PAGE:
Comparing little Yanira’s impressive skill set to the 8-year-old Los Angeles boy who couldn’t tie his shoelaces made for an anthropological comparison that anyone would find shocking. “Juxtaposition of these developmental stories begs for an account of responsibility in childhood,” wrote Carolina Izquierdo and Elinor Ochs in Ethos, the journal of the Society of Psychological Anthropology. To which I say, well, yeah. Duh. Of course. Let’s account. By all means!
But first let’s do some of our own unfair, biased, cultural comparison now. First of all, unless the zombie apocalypse begins in California, do LA 6-8 year old kids really need to know how to use a sharp knife or a machete? I mean, sure it would be useful if Jenny could cut her own cheddar cheese for her snack. But… necessary for survival? I bet Jenny can open the refrigerator and find the Go-gurt tubes. And to turn it around, can a 6-8 year-old of the Matsignenka tribe navigate a website and use a mouse so that she can write a report on the Blue Morpho Butterfly? Can she read a 1st or 2nd grade book? Can he navigate to the Angry Birds game on my Android phone? There are astonishing differences in the skill set of these children when you compare them side by side. Naturally. I’m no social anthropologist, but isn’t it ridiculous to not only compare what a 6 or 8 year old needs to know in order to survive between two such startlingly different cultures, but also to use this comparison on a story of “spoiled kids” to deride an entire nation’s parenting choices? What do spoiled kids of the Matsignenka tribe look like? Or does “spoiling” not exist in those OTHER cultures? Are all the parents of the tribe as perfect as the French so obviously are?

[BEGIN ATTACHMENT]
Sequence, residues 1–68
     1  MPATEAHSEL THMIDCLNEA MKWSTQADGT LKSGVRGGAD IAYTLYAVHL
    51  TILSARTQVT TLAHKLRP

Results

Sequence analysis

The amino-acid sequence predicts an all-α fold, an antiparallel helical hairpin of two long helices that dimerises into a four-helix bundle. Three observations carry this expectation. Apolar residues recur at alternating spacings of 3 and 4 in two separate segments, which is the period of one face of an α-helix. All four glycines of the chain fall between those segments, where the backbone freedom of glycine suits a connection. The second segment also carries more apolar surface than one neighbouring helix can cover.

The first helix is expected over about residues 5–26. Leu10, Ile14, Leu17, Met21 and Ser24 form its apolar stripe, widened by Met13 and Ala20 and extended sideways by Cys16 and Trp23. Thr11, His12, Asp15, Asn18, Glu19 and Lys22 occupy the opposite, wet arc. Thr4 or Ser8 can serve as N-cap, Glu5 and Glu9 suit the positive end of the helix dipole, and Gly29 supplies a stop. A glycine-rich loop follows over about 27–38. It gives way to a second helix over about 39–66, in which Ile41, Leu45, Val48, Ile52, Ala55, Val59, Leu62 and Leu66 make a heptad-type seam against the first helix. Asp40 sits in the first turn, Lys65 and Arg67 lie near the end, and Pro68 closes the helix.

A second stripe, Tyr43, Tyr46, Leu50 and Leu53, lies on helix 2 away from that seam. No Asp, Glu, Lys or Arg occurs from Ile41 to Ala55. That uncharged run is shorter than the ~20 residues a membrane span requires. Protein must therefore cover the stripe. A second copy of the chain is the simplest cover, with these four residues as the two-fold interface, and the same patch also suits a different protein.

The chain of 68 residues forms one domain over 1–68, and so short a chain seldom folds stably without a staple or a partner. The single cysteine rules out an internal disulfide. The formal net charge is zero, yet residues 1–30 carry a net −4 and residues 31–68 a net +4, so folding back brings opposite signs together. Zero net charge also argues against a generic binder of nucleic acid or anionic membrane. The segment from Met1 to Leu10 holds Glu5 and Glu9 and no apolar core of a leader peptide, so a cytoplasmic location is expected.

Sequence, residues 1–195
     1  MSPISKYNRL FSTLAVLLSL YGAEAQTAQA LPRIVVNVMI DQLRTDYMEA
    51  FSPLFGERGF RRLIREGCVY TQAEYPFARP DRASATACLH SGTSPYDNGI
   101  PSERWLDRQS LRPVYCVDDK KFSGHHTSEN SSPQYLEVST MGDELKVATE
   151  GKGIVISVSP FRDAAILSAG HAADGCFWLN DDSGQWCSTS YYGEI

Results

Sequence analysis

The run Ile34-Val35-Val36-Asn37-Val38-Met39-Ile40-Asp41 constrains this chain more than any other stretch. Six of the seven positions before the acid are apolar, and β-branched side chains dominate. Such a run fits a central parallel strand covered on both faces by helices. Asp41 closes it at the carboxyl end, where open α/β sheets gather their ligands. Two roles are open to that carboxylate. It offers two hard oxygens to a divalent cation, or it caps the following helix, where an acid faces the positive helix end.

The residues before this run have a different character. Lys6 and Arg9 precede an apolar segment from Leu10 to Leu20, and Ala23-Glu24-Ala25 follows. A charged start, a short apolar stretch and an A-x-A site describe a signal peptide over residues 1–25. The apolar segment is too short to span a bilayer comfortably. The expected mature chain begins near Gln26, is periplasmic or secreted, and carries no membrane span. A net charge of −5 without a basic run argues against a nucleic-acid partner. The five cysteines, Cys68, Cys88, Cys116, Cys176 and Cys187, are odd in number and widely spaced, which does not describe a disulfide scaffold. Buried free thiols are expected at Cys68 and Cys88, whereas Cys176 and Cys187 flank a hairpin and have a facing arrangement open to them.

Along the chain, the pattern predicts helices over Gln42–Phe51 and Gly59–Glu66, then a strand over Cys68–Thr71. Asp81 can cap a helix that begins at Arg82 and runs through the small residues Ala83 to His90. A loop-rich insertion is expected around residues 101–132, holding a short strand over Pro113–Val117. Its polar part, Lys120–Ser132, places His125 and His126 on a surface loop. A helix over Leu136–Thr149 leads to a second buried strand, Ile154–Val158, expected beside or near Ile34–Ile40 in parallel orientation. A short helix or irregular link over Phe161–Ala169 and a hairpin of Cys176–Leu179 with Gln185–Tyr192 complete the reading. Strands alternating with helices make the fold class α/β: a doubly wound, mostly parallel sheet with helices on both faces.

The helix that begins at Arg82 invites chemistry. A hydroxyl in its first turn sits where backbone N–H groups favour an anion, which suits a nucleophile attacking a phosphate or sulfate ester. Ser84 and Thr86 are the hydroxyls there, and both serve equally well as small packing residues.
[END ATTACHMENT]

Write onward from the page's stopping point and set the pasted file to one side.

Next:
But sure, compare these two vastly different cultures. Drive home the point that, in conclusion, American parents are failing their children because they’re not teaching them the skills needed for survival. Even though “survival” parameters differ hugely between the Amazon and the LA suburbs. But the article will do well. Because, to be quite honest, this is a hot topic that we parents will read. New parents, old parents, critics-of-parents, parents-to-be — We will buy the magazine. We will link to the articles on our electronic readers. For some reason, we love reading articles and books that blatantly tap into that seething pungent stream of alarmist parenting criticism. We love blogging and talking and criticizing on the newest study that proves how our parenting fails in comparison to $some other country/culture’s parenting– i.e. works like Amy Chua’s Tiger Mom and Pamela Druckerman’s Bringing Up Bébé.